Scotiabank is spending US$3 million (almost J$270 million) to replace its older automated banking machines with new, more sophisticated and environmentally sound equipment that can facilitate more transactions.
Some of the machines will be taken out of service in the process and will not be available for up to four days while the new ones are being installed, Scotiabank indicated in a release Friday.
Under its US$3 million environmental project, which it has dubbed Evergreen, the bank has been systematically replacing ABMs that are seven years and older with newer ones, the bank said in a release.
"They have faster processing speed, anti-skimming and other security features, better touch and feel, use thermal instead of ink printers, require less energy to run, and reduce greenhouse-gas emissions by at least 15 per cent over five years," it said.
Scotiabank said that based on the features on most of the newer machines, it should help to reduce long lines at ABMs because of their speed and specialised cash-dispensation functionality.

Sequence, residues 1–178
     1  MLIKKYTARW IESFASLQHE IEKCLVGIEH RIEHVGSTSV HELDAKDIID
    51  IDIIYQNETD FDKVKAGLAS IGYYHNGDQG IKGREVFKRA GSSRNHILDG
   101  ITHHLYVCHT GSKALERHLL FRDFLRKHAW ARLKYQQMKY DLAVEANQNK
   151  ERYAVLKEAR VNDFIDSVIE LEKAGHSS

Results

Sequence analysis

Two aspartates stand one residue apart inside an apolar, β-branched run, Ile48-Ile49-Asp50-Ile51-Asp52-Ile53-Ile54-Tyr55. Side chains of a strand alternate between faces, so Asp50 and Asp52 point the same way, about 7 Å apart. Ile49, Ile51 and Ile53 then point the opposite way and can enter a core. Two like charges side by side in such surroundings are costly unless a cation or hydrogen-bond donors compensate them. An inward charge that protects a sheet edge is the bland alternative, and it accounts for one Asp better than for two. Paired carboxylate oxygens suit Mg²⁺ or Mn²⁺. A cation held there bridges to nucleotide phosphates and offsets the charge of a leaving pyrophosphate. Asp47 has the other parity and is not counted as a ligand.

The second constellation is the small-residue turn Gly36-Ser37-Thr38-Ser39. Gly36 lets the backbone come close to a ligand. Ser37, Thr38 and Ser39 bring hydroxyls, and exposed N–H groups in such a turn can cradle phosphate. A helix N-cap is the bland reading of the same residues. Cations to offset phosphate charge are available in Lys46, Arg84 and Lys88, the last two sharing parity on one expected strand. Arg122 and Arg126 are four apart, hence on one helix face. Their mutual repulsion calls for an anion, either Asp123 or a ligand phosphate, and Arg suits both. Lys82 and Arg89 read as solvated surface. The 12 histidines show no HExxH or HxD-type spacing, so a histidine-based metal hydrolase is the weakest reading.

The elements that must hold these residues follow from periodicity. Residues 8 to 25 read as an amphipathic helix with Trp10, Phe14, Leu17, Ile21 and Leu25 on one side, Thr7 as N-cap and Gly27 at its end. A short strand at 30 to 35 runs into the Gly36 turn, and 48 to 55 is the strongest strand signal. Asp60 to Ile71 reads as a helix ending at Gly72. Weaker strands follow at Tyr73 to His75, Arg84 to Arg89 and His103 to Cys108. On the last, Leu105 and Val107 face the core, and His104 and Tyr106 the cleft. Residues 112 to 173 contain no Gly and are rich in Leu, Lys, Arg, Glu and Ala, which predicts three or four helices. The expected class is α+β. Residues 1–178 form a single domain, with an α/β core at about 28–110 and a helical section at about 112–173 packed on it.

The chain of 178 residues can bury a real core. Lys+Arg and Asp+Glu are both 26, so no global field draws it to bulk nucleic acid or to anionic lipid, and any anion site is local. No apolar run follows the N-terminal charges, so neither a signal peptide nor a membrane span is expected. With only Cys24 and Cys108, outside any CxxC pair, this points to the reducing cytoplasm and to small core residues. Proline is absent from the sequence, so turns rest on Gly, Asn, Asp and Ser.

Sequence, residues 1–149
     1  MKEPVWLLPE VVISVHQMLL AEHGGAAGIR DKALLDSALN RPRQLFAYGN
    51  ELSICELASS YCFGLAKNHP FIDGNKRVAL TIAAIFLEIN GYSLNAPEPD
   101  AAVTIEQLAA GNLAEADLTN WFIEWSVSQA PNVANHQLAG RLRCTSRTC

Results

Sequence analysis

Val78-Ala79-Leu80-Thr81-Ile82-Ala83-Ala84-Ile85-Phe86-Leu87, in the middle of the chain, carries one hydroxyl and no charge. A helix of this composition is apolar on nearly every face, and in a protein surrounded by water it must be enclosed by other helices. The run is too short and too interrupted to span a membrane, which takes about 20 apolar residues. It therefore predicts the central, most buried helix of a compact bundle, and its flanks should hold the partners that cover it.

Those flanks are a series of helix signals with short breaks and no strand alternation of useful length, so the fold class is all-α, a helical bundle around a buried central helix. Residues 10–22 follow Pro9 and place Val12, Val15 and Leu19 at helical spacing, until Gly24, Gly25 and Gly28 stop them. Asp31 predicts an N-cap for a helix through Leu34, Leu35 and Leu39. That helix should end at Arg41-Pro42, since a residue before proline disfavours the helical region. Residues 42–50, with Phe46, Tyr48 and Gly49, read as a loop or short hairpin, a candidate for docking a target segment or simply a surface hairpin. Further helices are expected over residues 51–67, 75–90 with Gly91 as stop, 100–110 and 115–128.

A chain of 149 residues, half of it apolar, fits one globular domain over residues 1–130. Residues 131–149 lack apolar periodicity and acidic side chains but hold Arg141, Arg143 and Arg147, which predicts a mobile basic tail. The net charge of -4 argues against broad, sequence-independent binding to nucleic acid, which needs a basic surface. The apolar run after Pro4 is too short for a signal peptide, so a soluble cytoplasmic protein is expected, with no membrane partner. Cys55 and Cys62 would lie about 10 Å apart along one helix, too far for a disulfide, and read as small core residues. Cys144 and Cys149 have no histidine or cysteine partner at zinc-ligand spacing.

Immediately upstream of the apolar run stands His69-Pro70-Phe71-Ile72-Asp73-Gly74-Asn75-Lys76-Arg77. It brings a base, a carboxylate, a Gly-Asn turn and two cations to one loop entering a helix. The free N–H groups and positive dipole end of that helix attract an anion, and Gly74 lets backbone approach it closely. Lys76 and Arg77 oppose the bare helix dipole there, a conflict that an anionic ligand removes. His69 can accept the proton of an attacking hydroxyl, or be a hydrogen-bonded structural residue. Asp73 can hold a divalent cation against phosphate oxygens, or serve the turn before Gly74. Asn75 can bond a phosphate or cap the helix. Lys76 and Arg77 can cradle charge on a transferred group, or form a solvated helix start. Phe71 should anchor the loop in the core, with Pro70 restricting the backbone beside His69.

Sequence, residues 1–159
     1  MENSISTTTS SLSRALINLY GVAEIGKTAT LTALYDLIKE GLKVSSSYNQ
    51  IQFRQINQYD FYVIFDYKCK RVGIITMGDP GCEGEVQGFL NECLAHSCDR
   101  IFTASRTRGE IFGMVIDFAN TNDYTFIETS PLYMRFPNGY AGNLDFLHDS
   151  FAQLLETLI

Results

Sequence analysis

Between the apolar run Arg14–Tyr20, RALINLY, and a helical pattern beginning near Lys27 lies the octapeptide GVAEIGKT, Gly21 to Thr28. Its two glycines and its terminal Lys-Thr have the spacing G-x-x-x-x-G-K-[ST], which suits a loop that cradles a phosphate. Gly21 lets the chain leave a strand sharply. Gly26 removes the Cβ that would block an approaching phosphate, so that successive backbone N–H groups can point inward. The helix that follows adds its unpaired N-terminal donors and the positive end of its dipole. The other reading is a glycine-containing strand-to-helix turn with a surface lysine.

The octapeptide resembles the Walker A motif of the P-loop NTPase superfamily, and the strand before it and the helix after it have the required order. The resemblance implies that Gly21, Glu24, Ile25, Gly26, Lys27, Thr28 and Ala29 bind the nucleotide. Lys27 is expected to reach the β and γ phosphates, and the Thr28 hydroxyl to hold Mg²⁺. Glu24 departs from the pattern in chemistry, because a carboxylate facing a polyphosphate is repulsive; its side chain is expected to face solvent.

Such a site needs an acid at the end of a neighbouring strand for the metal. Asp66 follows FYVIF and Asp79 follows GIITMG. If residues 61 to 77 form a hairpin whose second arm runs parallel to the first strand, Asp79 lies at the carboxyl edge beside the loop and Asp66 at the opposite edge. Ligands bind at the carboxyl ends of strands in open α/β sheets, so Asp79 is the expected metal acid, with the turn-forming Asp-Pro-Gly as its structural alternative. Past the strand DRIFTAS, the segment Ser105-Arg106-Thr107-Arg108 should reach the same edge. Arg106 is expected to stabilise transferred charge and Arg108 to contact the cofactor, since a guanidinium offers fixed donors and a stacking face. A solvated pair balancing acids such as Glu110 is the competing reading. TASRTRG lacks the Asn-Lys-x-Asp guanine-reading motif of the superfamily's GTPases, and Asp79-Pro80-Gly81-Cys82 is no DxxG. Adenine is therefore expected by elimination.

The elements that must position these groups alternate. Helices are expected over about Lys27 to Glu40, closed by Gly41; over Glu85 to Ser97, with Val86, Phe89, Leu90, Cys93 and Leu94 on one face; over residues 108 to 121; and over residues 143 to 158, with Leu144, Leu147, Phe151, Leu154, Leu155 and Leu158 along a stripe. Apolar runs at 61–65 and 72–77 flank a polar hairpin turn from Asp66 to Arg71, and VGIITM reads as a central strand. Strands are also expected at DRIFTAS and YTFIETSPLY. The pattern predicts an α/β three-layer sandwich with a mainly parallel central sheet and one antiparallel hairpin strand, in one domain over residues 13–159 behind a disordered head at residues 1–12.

"Less than two per cent of transactions conducted at ABM machines are for deposits. In response to usage trends, only machines located at branches will be able to receive deposits," the release quoted Wayne Powell, executive vice president for retail banking at Scotiabank, as saying.
Scotiabank said that their minuscule use for deposits notwithstanding, use of ABMs for other purposes, in particular mobile top-ups, has been increasing.
However, Powell advised that customers need to note carefully how the top-up service works.
He explained that a common mistake customers make when they use the mobile top-up feature is to select 'no' in response to the question of whether they would like to have a printed receipt.
"Instead, customers should select 'yes' in order to have their mobile top-up voucher dispensed at the end of the transaction because on it is printed the confirmation/top-up information," he said.
Scotiabank has advised that while the Evergreen project continues, older machines will be taken out of service, resulting in some inconvenience to users.
"We regret the inconvenience to our customers during the changeover and are committed to keeping the machines' downtime to no more than four days. We reassure our customers that once the new machines are installed, they will experience improved efficiencies and the benefits of the new machines immediately," Powell said.
Scotiabank's automated machines, which can facilitate transactions such as cash dispensation, purchase of mobile telephone credit, bill payments, and transfer of funds between accounts, now stand at 225, with 35 being dual currency, said the release.